Moderate Dems 'managed to annoy' their entire party during infrastructure fight -- in exchange for nothing: analysis
Nancy Pelosi (Screen Grab)

The small band of conservative Democrats who threatened to tank the party's agenda over the infrastructure bill managed to irritate their entire caucus in exchange for almost nothing.

House Democrats set a two-track strategy in motion Tuesday to write up the framework for a $3.5 trillion reconciliation bill, while House Speaker Nancy Pelosi (D-CA) committed to a Sept. 27 deadline to vote on the $550 billion infrastructure bill passed by the Senate -- which nine moderates had demanded be voted on first, reported NBC News.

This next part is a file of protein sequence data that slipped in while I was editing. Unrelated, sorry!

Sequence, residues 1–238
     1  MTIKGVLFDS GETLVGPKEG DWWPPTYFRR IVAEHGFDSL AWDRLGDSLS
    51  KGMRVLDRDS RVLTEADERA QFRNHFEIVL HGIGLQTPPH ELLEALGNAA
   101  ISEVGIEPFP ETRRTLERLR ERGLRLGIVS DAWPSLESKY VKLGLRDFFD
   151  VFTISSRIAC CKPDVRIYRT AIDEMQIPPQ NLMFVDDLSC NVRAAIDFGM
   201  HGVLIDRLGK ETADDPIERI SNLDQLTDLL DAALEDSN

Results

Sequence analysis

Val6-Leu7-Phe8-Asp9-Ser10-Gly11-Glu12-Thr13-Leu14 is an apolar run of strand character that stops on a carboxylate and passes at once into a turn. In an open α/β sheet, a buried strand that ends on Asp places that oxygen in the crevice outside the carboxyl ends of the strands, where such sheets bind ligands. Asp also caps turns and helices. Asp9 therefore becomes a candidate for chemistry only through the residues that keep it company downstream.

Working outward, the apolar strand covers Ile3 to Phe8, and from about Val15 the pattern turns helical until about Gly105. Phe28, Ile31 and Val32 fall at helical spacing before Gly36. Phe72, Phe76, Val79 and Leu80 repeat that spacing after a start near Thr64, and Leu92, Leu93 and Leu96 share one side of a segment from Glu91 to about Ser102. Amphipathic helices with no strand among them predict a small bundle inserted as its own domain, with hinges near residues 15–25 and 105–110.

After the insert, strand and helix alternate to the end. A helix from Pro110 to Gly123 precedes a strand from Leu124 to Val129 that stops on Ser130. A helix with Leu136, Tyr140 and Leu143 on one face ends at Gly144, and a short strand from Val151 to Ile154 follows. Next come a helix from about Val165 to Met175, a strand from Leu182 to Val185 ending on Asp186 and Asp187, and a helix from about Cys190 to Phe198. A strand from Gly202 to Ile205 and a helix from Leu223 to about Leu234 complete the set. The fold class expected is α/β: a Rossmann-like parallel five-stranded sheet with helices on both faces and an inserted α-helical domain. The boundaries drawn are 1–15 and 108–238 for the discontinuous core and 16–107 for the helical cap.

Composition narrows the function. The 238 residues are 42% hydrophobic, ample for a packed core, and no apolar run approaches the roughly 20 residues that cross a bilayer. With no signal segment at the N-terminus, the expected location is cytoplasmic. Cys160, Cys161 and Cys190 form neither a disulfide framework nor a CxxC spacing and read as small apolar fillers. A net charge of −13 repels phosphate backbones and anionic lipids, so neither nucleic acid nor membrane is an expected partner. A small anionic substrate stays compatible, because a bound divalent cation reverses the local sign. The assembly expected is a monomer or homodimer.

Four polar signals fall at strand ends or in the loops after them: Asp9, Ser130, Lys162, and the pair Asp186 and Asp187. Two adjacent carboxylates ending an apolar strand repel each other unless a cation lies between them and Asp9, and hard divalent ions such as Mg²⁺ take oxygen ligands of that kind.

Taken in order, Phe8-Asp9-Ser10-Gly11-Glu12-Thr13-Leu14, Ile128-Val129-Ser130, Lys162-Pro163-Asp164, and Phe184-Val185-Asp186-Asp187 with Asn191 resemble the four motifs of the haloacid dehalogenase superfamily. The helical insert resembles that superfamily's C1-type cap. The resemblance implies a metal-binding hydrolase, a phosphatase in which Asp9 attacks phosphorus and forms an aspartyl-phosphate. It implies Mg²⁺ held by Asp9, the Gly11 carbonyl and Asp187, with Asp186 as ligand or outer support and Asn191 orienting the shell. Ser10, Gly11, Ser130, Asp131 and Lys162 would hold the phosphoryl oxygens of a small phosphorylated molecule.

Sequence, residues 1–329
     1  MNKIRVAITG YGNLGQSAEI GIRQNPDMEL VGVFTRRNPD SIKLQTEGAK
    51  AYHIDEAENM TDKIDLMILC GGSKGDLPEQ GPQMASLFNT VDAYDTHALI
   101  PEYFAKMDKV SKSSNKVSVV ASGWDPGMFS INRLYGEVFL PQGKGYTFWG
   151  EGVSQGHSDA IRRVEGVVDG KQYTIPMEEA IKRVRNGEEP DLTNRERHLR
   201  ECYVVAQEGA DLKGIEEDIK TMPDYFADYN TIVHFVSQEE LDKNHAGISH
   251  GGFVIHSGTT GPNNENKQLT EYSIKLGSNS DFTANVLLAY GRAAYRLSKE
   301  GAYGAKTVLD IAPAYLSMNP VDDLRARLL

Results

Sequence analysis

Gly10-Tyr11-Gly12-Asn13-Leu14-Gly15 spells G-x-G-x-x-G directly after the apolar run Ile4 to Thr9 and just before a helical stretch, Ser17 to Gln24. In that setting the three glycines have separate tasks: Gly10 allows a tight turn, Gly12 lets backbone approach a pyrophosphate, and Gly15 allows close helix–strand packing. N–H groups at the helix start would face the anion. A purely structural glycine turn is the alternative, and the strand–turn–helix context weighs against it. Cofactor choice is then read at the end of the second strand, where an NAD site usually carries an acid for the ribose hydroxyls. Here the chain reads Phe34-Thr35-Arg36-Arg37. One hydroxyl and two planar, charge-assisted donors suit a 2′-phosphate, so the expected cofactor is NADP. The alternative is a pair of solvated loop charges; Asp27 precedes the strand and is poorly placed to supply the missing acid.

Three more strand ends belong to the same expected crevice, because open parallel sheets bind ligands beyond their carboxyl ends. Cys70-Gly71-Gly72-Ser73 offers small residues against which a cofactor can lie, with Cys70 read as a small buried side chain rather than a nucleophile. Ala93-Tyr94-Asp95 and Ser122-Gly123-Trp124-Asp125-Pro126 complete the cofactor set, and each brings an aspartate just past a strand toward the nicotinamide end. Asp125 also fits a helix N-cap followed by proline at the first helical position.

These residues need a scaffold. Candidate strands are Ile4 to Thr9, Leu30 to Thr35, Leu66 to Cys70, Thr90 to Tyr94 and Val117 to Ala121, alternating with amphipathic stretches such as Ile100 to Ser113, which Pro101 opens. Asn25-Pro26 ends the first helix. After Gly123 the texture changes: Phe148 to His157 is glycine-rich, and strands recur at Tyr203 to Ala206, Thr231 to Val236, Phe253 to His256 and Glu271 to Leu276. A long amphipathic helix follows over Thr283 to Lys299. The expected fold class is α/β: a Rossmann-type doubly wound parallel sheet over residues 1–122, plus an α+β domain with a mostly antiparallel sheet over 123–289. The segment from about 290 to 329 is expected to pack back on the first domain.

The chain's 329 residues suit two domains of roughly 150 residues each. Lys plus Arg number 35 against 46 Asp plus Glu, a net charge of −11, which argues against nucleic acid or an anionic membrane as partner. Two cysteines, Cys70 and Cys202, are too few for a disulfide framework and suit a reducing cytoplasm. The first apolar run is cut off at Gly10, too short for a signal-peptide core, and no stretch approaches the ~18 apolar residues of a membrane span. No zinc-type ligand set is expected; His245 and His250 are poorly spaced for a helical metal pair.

"But as the dust settles on the recent Capitol Hill drama, it's worth appreciating the damage [Rep. Josh] Gottheimer (D-N.J.) and his cohorts have done to themselves -- in exchange for very little," wrote MSNBC contributor Steve Benen. "These nine members made a conscious choice to climb out onto a limb in a very public way -- complete with a Washington Post op-ed and a great many television appearances -- while putting their own president's legislative priorities in jeopardy."

The moderates, who represent only 4 percent of their party's caucus, had hoped to gain special leverage by threatening to hold up the agenda, but all they did was aggravate party leaders and rank-and-file alike while delighting Senate minority leader Mitch McConnell (R-KY).

"So what are we left with?" Benen wrote. "A small group of House Democrats -- none of whom are in the party leadership, none of whom chair any congressional committees -- who managed to annoy the White House, their own party's leadership, progressives, and even other centrists, all over the course of about a week."

"That's not an easy feat to pull off so quickly," he added.